ecology > grief

Recently I got caught up in a commentary to a tweet of mine where I expressed concerns over people leaving stuff behind in National Parks, like the locks people put on railings. The argument put forward was that people do that because they grieve, and then they can’t think of someone else’s concerns, and also if something is man-made anyone can attach something to it.

I disagreed, saying by that definition anyone can put anything anywhere at any time. The discussion stopped, days later I found myself blocked by that account.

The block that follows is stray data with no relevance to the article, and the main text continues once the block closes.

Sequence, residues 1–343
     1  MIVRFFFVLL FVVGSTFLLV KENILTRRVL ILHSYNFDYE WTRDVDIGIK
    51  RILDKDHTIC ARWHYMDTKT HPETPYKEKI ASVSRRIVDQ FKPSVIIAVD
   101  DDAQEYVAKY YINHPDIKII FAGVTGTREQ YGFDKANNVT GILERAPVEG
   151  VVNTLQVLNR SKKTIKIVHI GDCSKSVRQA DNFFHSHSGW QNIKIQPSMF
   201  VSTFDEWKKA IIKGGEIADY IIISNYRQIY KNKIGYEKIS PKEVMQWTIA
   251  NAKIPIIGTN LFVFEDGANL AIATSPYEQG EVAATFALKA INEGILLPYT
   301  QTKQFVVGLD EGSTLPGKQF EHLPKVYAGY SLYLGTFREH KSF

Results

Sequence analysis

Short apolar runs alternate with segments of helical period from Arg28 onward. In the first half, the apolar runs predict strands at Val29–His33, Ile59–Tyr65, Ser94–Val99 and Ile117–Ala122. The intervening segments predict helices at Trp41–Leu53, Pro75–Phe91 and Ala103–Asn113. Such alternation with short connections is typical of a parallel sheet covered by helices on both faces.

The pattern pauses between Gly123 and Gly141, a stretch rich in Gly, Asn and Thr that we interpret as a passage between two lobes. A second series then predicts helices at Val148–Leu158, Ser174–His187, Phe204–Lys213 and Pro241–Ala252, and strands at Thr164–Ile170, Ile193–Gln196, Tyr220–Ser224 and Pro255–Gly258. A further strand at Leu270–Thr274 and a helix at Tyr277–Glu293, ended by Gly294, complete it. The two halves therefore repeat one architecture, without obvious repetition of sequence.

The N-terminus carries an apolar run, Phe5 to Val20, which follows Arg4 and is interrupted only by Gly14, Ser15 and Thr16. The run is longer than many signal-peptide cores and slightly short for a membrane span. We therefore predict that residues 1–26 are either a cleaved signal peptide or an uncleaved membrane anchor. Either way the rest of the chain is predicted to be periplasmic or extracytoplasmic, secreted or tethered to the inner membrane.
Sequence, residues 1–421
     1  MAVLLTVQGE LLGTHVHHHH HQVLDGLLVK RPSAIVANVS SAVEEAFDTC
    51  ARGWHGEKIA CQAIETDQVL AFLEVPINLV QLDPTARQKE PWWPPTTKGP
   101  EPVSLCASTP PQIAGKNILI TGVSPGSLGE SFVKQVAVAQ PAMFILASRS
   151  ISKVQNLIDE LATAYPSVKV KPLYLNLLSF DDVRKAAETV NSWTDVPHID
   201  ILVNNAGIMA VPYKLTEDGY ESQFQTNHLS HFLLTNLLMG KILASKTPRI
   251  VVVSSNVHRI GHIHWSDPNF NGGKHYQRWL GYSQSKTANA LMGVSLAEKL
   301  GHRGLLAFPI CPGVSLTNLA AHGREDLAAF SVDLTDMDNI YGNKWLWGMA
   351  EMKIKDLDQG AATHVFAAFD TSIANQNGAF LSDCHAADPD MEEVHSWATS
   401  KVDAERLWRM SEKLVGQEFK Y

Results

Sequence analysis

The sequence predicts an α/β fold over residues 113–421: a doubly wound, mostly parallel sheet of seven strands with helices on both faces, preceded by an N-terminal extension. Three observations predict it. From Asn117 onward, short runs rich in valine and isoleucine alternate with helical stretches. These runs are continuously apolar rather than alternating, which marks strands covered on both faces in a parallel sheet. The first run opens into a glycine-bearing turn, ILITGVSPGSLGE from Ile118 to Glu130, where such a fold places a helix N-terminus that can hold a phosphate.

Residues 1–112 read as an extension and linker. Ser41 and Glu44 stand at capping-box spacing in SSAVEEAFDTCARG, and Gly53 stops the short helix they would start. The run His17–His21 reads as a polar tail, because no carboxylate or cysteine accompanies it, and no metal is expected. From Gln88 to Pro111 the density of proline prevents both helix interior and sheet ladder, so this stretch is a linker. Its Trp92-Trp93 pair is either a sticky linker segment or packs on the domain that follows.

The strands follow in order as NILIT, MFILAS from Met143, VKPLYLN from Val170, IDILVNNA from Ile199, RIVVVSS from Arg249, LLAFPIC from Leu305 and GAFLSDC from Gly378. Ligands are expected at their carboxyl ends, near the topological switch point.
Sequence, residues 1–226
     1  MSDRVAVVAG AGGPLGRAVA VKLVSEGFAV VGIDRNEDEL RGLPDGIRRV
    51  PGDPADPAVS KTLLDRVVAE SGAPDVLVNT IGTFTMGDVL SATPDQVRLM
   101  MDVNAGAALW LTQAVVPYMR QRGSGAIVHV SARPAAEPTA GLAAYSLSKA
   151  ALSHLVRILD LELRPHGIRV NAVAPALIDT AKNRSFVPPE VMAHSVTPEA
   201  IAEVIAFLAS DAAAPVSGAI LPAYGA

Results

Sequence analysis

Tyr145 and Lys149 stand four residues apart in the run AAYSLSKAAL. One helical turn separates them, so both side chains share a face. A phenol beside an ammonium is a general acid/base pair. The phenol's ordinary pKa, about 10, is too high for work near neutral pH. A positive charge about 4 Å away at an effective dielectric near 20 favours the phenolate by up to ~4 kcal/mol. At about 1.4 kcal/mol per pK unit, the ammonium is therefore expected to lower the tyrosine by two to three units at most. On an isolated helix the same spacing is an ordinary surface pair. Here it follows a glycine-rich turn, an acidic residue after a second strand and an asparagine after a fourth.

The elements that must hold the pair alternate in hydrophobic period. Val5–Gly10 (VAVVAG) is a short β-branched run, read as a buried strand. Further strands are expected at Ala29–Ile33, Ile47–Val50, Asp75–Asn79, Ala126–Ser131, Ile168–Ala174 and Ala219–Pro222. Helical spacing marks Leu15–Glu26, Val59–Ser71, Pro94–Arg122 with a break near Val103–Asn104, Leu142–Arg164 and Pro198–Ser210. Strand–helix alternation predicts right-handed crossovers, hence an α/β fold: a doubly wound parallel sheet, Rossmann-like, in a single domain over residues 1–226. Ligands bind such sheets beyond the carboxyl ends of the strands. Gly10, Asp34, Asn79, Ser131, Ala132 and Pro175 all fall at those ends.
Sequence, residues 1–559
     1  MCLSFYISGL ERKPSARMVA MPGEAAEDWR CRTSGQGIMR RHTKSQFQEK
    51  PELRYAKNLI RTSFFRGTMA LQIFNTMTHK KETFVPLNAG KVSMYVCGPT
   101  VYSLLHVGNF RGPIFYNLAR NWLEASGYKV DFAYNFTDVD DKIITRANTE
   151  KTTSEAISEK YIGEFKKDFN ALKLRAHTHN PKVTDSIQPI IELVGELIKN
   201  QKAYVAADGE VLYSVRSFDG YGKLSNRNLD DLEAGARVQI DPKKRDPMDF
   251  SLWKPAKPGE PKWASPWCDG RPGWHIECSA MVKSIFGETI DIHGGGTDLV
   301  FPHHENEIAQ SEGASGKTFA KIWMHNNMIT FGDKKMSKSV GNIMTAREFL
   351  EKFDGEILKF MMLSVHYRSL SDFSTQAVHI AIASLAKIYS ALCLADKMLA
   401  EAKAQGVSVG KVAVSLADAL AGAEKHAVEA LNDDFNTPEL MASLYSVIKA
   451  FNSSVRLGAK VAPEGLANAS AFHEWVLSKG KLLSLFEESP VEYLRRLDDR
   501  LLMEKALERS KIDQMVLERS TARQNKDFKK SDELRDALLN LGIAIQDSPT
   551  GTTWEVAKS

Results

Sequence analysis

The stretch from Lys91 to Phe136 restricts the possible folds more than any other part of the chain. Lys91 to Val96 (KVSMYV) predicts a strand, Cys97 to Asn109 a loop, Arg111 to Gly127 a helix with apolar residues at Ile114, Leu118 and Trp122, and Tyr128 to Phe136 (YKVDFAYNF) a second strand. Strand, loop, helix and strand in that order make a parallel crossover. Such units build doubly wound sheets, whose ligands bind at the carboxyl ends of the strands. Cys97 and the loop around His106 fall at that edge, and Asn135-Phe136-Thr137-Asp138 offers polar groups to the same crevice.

While it is unpleasant to be excluded by someone at random, I still stand by my conviction that if we don’t take the care for our surroundings more serious at all times, none of the protection that we’re hoping to give to our natural world will work.

So does grief out-rule ecology? No, it does not.

Instead it could be used for its safeguard, not against it. One way to connect loss to a memorable element in nature is to plant a tree, or donate towards upgrading the National Park that was visited. There are plenty of ways to create a memory that is in sync with the aim of protecting our natural environment.

Loveliveson.com/memorial-trees-australia
Plantatreeforme.org.au

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